My analysis of the E-M1 video

Started Aug 20, 2013 | Discussions thread
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Timur Born
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My analysis of the E-M1 video
Aug 20, 2013

Hey everyone,

here is my analysis of what can be learned from the leaked E-M1 video. I am neither enthusiastic nor disappointed, just curious. Feel free do discuss or ignore.

- If the screen is the same size as the E-M5's then the E-M1 is slightly wider, allowing for more backside grip area and less cramped buttons. I especially hope the changed arrow buttons feel better on pressing them down. The placement of the buttons (especially arrows relative to thumb) and inclusion of a lever around AEL/AFL also looks useful.

But the placement of the FN1 button gives reason to worry. As awkward as it can be on the E-M5, I am still able to hold down FN1 and hold the camera in hold hand. We will have to wait and see how this works out on the E-M1.

- The E-M1's - including its built in landscape grip - seems to be smaller in height than the E-M5 combined with only the landscape portion of the HLD-6 grip. The guy in the video can barely put two (2!) fingers around it. The protruding portion with the shutter button is one reason for the cramped space, another reason is that the HLD-6 increases the height of the E-M5 even with only the landscape part. Also the portion where the grip meets the body (is it rubberized or hard plastic?) seems to be a good place for collecting dirt.

Even more worrisome is the statement that the grip had to be included as a fixed accessory due to "consumer" demand. I thought that the optional grip was just the ticket to please everyone. Overall I don't like too pronounced grips as they force my wrist into an unnatural and thus hurting angled position. But sometimes you need the extra body mass and size to get a good balance. Even the "kit" lens 12-50 of the E-M5 tipped its balanced forward, and the small lenses (45/1.8) are too small to firmly grab on. But why not keep the modular concept? "One of our consumers' wishes" I guess...

- "The autofocus is nearly as fast on four-third as it is on micro four-third", "able to use phase detection when you are using four third glass", "also contrast detection when you are using micro four-third glass". No mentioning of phase detection in combination with contrast detection, no mentioning of using phase detection for continuous AF, and overall sounds a bit as if phase detection is seen as the lesser option that may or may only be used if you need faster four third focusing.

Again we will have to wait, but compare that to the fuss about Canon's dual pixel phase detection AF.

- The visible green AF confirmation dot still seems to lack behind the audible beep and thus still lacks behind the true focus acquisition moment, just as on the E-M5.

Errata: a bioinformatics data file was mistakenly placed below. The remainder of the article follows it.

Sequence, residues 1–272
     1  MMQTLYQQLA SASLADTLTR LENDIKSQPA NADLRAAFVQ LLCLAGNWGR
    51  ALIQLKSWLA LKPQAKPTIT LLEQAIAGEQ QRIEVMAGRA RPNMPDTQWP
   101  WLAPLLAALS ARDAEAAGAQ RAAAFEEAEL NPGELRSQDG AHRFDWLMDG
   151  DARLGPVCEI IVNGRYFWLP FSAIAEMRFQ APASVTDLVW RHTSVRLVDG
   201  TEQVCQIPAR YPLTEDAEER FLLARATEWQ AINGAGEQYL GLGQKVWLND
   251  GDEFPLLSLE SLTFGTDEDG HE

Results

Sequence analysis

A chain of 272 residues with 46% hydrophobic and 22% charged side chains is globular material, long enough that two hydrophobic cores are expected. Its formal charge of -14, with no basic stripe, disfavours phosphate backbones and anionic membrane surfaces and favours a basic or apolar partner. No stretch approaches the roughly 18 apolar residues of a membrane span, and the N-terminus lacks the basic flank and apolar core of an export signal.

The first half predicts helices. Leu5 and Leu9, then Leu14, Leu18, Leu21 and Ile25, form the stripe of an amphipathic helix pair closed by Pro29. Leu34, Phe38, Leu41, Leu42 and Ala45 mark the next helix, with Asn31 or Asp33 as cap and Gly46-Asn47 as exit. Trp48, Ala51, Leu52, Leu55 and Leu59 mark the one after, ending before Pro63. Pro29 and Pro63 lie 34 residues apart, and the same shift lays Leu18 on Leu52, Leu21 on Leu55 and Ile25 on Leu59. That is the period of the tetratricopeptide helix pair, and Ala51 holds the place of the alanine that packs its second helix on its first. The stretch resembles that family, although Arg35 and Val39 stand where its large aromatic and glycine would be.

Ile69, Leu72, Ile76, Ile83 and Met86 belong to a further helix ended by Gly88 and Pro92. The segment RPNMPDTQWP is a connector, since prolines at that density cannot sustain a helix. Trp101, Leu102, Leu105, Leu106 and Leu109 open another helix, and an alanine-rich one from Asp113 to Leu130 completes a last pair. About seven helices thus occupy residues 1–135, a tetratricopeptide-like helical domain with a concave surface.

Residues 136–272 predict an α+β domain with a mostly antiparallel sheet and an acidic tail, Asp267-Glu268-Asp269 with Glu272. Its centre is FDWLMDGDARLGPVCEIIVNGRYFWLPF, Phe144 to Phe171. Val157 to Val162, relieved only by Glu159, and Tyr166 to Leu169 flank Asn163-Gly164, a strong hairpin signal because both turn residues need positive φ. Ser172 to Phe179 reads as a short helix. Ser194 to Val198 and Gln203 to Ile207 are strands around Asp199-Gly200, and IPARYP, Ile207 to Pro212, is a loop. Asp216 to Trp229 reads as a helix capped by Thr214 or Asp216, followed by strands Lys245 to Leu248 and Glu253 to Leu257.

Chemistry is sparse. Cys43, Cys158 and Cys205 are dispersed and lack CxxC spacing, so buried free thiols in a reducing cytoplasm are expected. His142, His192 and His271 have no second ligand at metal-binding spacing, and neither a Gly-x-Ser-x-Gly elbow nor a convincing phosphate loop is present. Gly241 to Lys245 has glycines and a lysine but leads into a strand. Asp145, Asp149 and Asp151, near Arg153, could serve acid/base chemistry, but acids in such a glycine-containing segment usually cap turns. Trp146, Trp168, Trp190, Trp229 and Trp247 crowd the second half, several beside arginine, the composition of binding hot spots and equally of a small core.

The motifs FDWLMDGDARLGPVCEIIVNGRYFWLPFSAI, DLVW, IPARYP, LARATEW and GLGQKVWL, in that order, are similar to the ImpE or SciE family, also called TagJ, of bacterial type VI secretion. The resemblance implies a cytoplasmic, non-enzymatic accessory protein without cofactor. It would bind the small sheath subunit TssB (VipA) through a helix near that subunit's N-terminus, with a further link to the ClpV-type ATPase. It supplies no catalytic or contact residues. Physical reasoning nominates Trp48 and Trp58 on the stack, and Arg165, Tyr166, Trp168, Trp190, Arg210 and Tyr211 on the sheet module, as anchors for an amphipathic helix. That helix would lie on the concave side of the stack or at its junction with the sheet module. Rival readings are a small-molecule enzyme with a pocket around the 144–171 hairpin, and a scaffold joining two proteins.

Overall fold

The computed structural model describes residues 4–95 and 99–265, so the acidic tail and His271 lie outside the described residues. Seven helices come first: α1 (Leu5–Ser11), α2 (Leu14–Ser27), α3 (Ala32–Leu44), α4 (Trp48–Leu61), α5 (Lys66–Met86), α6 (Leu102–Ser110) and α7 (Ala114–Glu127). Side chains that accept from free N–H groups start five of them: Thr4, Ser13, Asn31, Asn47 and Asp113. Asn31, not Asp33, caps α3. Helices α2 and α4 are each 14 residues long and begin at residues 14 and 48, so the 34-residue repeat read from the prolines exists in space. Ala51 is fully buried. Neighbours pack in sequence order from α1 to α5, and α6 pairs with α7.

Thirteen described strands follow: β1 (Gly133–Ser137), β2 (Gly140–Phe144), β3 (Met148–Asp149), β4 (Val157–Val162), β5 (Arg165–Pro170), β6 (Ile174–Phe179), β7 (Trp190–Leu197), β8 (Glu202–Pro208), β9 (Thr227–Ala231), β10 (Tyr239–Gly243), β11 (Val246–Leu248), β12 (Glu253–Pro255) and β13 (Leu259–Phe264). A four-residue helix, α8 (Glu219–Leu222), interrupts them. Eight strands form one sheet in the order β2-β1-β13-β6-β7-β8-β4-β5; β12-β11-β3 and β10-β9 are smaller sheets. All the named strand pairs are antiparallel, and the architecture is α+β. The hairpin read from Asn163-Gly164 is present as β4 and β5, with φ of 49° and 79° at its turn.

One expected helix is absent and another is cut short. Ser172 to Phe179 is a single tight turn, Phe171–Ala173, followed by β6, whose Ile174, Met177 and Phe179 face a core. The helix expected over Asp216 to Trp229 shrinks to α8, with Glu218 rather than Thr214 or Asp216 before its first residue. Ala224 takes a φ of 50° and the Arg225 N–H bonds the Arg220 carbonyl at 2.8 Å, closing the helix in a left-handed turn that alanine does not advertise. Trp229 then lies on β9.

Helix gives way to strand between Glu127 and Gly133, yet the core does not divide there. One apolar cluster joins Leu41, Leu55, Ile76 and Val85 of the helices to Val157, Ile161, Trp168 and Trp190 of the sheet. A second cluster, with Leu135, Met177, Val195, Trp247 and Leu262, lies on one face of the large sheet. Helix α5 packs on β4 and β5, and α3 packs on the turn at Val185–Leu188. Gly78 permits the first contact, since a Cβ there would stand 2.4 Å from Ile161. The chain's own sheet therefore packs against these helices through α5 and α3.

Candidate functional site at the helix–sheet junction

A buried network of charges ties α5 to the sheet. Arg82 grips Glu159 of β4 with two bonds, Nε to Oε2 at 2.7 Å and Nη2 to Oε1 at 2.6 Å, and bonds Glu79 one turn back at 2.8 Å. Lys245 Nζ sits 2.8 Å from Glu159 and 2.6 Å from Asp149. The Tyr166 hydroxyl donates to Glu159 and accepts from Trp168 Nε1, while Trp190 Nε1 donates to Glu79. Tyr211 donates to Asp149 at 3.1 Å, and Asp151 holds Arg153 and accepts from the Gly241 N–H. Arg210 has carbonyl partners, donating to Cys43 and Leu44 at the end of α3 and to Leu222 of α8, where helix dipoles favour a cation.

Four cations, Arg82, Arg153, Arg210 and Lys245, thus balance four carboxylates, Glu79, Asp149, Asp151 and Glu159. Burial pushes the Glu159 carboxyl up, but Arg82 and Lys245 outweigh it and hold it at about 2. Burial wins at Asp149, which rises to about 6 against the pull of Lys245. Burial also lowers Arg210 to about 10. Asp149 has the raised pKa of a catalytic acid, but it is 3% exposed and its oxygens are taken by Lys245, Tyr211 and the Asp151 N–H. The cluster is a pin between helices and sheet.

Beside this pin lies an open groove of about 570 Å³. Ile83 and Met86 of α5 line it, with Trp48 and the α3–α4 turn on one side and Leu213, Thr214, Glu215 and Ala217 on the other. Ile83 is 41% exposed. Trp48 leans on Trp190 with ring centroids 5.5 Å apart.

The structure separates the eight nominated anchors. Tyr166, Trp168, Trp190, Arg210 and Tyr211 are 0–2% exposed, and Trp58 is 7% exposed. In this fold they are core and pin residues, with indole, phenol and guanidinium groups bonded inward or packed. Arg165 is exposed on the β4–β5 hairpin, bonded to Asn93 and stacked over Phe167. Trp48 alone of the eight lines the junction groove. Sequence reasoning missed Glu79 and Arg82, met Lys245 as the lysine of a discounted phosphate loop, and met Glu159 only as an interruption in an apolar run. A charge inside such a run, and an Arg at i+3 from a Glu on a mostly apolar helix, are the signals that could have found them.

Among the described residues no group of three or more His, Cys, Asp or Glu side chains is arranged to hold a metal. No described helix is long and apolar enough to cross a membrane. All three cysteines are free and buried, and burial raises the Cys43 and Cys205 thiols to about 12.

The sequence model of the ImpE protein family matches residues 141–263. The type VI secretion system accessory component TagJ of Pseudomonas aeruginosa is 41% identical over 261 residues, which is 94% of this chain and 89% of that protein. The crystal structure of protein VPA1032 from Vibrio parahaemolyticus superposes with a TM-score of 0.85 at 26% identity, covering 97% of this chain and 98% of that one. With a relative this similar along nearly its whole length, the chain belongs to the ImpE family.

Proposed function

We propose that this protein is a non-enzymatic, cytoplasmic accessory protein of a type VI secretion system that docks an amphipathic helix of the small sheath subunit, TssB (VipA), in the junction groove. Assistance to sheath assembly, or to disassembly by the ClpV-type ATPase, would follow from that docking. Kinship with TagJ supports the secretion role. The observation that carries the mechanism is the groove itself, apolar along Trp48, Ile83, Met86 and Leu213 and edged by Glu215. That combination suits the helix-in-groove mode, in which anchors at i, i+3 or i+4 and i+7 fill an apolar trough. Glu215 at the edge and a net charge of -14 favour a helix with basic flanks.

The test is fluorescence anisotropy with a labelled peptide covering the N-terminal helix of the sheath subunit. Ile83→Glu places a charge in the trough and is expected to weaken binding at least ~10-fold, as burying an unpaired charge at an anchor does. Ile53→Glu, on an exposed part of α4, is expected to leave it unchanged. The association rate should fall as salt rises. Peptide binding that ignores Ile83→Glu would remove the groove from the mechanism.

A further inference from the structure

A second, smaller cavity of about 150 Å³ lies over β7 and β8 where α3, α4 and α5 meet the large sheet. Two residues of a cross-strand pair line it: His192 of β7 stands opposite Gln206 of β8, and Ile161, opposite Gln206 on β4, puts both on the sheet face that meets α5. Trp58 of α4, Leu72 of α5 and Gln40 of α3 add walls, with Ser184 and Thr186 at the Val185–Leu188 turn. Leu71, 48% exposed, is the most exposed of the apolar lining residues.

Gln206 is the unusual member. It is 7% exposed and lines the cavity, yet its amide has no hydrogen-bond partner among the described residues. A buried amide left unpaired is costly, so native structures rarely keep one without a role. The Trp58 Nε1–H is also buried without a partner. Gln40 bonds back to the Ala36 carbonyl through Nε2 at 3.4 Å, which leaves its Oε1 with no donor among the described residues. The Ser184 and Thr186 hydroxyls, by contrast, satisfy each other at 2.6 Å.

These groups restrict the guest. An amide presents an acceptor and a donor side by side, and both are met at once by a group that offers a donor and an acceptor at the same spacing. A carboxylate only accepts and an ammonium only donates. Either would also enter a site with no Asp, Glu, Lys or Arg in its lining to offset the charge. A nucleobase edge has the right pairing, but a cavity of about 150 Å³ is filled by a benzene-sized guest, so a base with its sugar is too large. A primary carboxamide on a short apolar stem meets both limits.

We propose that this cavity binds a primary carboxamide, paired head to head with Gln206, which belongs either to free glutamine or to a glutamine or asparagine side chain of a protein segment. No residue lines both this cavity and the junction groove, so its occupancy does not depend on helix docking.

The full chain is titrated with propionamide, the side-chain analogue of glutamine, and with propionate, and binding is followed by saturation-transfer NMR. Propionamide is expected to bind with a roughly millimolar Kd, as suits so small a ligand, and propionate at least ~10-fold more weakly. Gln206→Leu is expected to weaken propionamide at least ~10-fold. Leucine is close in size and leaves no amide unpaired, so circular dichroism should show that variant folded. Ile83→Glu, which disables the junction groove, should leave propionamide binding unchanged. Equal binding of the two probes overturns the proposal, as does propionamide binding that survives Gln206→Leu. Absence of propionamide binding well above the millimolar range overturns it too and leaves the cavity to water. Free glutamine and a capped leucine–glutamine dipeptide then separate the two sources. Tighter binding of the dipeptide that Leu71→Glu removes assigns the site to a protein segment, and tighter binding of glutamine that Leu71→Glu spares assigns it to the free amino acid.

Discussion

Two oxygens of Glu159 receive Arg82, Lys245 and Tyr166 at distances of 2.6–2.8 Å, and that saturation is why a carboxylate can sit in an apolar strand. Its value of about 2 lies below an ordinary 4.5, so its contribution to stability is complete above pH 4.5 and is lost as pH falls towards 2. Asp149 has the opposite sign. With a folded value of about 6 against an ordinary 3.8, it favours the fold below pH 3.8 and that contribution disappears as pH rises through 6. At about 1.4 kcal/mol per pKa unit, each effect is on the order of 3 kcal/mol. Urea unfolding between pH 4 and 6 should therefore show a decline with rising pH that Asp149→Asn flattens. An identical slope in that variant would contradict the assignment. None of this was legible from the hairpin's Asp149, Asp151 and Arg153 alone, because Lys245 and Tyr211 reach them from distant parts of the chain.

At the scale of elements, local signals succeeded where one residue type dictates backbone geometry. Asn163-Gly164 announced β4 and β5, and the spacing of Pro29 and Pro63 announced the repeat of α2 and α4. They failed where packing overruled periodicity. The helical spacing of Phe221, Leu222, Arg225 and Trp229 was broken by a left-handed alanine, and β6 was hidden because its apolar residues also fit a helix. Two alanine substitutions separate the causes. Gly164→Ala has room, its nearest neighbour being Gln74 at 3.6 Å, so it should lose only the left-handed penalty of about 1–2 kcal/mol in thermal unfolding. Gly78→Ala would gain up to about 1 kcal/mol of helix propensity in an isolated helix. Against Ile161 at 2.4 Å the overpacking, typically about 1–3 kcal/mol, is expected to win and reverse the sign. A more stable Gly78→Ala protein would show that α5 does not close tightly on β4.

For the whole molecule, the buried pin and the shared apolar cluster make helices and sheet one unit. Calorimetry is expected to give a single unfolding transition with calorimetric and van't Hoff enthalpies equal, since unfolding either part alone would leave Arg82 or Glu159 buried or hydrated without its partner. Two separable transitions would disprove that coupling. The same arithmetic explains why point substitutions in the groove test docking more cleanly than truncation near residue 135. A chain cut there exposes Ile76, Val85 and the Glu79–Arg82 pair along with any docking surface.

- The demonstration of IBIS was done in VIDEO mode, which in current models applies software IS on top of hardware IS. This cuts away 5% on every side of the image. And the special "rocking quite a bit" shaking device is doing very regular up and down movement. So while IBIS is still good and impressive (and the reason why the bodies are cramped inside) the whole part is more marketing blurb than useful information.

Furthermore the image is not completely still! I am not entirely sure, but the farther away object are from the camera the more they seem to shake in the image.

- WIFI control in all modes is absolutely a nice option! Curiously there is a lag of nearly 2 seconds between him releasing the shutter and the E-M1's IBIS turning off, while it seemed to be less lagged when he pressed the button.

- Several times the tablet app used to control the camera didn't react to his finger input. It might be the awkward position of him having to control it from behind, but several times he seemed to have hit the right spot, but the app just didn't react.

- "Our E-P5 also had the ability to do WIFI. But it was somewhat limited..." Seriously? Half a year later and you already push the E-P5 to the past? No software update to make the E-P5 offer the same WIFI controls? Just as the E-M5 got no software update to get a smaller AF box? It's all just software, but you sell it as if it was a brand new "camera" thing.

One of my customers (company) still releases firmware and driver updates for their hardware that was released more than 10 years ago. They even go to length in adding features to models that originally was limited by hardware (no internal RAM) by thinking out of the box (using part of the processor logic as RAM to implement a new feature). Camera makers ask us to buy a new piece of kit just to get the software updates, which is something that makes me want to stay away from buying cameras at all.

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